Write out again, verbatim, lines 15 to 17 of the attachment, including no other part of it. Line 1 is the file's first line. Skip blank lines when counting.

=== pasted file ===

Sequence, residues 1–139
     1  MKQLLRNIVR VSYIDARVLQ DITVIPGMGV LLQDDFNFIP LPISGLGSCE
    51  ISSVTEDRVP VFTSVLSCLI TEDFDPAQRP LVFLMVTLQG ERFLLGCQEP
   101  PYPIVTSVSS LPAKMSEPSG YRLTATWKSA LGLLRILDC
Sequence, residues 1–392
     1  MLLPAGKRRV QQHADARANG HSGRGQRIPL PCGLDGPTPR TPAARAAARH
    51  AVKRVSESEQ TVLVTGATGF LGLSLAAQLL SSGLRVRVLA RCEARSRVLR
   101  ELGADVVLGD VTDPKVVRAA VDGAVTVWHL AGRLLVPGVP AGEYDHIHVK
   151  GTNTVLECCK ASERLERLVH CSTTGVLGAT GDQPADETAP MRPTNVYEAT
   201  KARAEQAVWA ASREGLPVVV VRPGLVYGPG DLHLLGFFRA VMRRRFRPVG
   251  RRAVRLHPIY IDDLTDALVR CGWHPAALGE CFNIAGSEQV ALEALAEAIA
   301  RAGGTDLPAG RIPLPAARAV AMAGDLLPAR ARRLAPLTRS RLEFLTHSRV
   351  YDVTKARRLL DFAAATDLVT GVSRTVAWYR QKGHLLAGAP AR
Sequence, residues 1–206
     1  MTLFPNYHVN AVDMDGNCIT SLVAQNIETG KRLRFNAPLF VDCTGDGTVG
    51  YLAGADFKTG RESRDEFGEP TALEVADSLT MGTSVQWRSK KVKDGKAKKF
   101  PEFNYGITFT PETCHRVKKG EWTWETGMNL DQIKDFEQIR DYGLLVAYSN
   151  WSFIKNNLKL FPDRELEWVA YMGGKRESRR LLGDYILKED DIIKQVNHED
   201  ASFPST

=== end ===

     1  MTLFPNYHVN AVDMDGNCIT SLVAQNIETG KRLRFNAPLF VDCTGDGTVG
    51  YLAGADFKTG RESRDEFGEP TALEVADSLT MGTSVQWRSK KVKDGKAKKF
   101  PEFNYGITFT PETCHRVKKG EWTWETGMNL DQIKDFEQIR DYGLLVAYSN